GH: And and after the show, I mean, there’s so much that you guys give onstage, that that it’s gotta be exhausting to go after the show that’s gotta be a time to cool down and just sort of, you know, you you gotta rest up, because you got another date? …and I gotta get on the road to get to the next thing?
JY: Well, depending… it usually.. I’m, I’m usually wound up at the end of the show unless I really was tired to start the show, and so I can be up 3, 4, 5, 6, 8 hours once we’re done, because that is truly, that’s that’s the 90 minutes that I live for, for the most part, and the so sometimes it’s sometimes it’s hard to go to sleep until 3 or 4 or 5 in the morning, so fortunately, we don’t have to perform the next night until 8 o’clock!
GH: So is there… do you have a hobby? Is there something that, aside from the music, and aside from from this life that you have, that is inspiring to you or or gives you another creative outlet? Is there anything like that for you?
JY: Well, I love NFL football and I’m involved in the lots of different the betting pools, you know, just for fun kind of thing, but and I lie love the game and have and I just I pride myself on knowing my stuff and then actually I do with it with a different radio network actually when it gets in the playoffs I’m sort of the the rock rock ‘n roll voice of picking …picking the games and usually I…I think I did eight at 11 last year something like that.
JY: Well and I is I love the game and I played a little bit of sports, but realize it wasn’t big enough or tough enough or fast enough to actually play myself but I just know I love, I mean, it’s really like, I suppose, like playing a Risk, the board game, and you have all the armies in you align them, and you go through little moves you do here and there, and and to watch how other teams adjust and all that it is just, I guess, or something that is gladiatorial about the whole thing, and then there are a bunch of NFL players that are huge STYX fans and vice versa, so that that I enjoy rubbing shoulders with those guys. Yeah, the I kind of …I like the, I like like NFL football, I like automobile racing; I’m… a lot of spectator sports, the I suppose cautious or smart enough or dumb enough to to not risk my own Neck! (Laughing)
GH: A wise choice! Have you ever been to the Pro Football Hall of Fame?
JY: I have never been there and…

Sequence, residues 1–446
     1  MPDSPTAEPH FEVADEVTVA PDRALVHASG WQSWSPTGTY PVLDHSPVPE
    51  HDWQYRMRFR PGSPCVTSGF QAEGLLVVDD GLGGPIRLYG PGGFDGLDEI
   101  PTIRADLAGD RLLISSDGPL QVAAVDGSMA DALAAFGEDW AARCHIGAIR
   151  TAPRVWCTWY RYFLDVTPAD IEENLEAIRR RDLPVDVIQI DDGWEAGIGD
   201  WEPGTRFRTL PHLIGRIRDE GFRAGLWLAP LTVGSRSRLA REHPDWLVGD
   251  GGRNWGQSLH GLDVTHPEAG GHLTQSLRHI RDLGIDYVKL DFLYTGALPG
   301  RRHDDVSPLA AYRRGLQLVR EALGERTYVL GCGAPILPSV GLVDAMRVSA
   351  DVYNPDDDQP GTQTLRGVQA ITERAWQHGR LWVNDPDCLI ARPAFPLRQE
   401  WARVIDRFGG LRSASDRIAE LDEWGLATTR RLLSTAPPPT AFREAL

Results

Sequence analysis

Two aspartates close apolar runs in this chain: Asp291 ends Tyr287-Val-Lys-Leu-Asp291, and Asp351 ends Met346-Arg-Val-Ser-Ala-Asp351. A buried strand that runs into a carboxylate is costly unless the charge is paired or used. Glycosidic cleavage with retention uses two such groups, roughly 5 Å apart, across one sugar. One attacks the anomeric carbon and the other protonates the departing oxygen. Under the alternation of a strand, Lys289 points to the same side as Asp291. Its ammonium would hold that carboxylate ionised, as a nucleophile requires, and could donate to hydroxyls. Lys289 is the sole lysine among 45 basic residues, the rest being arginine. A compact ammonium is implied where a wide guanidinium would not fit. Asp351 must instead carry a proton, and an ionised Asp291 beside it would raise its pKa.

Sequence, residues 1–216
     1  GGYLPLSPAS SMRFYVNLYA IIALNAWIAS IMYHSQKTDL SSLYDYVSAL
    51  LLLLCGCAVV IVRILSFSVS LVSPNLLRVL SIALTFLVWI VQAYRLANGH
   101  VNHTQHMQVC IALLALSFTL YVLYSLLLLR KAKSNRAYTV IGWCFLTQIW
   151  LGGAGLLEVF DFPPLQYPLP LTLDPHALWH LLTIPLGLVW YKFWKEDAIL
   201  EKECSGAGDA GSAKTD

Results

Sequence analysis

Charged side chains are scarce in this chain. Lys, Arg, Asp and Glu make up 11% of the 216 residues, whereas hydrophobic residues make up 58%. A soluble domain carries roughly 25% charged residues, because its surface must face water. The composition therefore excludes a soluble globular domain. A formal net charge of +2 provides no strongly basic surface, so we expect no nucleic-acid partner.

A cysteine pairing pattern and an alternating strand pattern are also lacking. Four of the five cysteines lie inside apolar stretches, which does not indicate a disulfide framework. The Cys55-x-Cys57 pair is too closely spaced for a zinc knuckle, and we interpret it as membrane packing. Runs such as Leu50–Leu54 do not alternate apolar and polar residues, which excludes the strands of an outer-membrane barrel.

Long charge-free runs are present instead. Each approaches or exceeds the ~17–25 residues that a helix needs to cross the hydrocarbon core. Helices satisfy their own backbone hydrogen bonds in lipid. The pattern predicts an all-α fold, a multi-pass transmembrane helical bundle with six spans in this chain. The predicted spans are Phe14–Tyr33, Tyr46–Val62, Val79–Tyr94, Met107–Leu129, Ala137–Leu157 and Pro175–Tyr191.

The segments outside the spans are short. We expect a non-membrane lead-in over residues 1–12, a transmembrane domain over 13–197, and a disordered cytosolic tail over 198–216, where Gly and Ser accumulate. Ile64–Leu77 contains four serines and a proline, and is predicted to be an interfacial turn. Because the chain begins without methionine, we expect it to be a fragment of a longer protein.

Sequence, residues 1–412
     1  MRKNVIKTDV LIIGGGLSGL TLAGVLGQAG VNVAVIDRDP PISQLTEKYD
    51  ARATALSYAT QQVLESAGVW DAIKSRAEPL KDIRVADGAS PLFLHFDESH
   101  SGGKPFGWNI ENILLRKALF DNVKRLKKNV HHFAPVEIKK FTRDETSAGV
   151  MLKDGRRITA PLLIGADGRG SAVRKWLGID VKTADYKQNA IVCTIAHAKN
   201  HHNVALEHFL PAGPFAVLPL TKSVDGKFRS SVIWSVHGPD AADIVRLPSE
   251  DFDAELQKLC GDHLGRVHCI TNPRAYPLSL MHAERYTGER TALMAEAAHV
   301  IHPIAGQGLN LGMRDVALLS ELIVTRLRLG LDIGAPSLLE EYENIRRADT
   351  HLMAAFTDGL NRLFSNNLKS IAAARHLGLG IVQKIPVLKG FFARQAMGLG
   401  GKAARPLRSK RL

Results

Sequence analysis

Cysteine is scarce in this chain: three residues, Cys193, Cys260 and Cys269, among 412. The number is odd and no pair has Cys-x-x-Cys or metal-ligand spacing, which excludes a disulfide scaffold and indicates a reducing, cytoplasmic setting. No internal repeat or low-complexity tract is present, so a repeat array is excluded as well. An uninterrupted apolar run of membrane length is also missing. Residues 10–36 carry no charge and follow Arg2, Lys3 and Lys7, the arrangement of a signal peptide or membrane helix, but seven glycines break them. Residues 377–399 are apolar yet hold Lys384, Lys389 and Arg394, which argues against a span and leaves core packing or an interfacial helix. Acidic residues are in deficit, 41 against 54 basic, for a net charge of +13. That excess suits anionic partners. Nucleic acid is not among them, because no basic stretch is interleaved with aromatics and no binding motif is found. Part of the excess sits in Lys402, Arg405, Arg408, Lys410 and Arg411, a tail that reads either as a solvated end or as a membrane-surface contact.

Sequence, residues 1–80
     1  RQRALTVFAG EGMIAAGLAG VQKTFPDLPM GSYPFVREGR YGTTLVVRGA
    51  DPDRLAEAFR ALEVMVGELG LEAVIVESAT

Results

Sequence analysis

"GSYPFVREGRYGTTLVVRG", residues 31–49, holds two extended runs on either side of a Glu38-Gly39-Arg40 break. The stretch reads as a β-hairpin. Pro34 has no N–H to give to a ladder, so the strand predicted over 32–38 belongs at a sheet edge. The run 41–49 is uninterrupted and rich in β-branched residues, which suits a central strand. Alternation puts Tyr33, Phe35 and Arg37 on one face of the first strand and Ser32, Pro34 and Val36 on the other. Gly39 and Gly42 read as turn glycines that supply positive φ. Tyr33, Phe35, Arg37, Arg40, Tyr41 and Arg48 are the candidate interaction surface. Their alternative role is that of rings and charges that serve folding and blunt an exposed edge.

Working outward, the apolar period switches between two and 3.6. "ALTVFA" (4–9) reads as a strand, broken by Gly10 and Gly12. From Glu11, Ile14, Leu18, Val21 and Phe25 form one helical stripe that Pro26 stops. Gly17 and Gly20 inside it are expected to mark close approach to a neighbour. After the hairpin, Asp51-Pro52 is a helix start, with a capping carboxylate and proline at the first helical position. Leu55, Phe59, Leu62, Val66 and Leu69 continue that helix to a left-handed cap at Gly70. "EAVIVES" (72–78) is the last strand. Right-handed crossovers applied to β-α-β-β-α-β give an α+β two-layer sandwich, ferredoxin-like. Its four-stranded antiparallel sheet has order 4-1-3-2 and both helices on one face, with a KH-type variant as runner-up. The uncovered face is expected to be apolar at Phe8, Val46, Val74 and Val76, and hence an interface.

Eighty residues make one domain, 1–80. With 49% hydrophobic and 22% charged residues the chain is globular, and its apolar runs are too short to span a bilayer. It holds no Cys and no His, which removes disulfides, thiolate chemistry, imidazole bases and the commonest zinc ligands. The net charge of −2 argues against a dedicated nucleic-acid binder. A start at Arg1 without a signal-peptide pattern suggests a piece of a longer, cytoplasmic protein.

GH: You’re officially invited! I can hook you up whenever you want to go!
JY: That’s fantastic! We also have player who will remain nameless, who I think was on one of the top 15 in the final 15 for one of the recent ballots. He definitely wants us to perform there for him if he gets in, and then I’m not going to mention his name right now but I feel like we’re going to get there eventually!
GH: Well, great, Well just so you know, if you’re ever in the neighborhood, let me know and we can have something together for you! I I really appreciate you taking the time! The tour, you’re doing 100 of about 100 dates a year, and and that that that’s through the year, so you take some time off, you play some dates and, how does that work for you?
JY: For.. well,it’s fine. I mean, you know, we were out for a month and a half, from mid-the July through the end of August, and I did go home pretty much every day off, but there weren’t that many days off. At the end of that, I think we were all tired of each other in a way, but then it was it was a magnificently successful from performance to performance to performance, and some of the cast of the show Breaking Bad was out at one of our shows and they’re big fans of our! Of course, we’re huge fans of that show and so you it’s it’s it’s exhilarating to be part of it, but that’s also exhausting and so you need some time to recover and we did the first half of September off, then we’re out the rest of September, the the first half of October off, and now we’re starting up for October.
GH: The way you pace it so that that the shows are fresh, you’re fresh, there’s something that when you get in front of that crowd, they know that they’re gonna get the music that they are expecting and that you’re able to give the performance that you want to give.
JY: Yeah, absolutely! The a… I think we’ve…our hard partying days are long in the rearview mirror and my pal, Tommy Shaw, who on Behind the Music Scene on VH1 sort of admitted to, you know, numerous indiscretions, back in the day, has been clean and sober for 20 years; and we’re all kind of crazy health nuts at this point in time.
GH: That’s one of the things about getting older is, you do things just cleanup, you just you find a way to make your life a little better and enjoy just being healthy enjoy your your good fortune and you had great good fortune with the band and with the touring and I want to thank you for taking the time to talk with me.
JY: Garrett, it’s always my pleasure!
GH: James Young, JY, from STYX; this is Garrett Hart.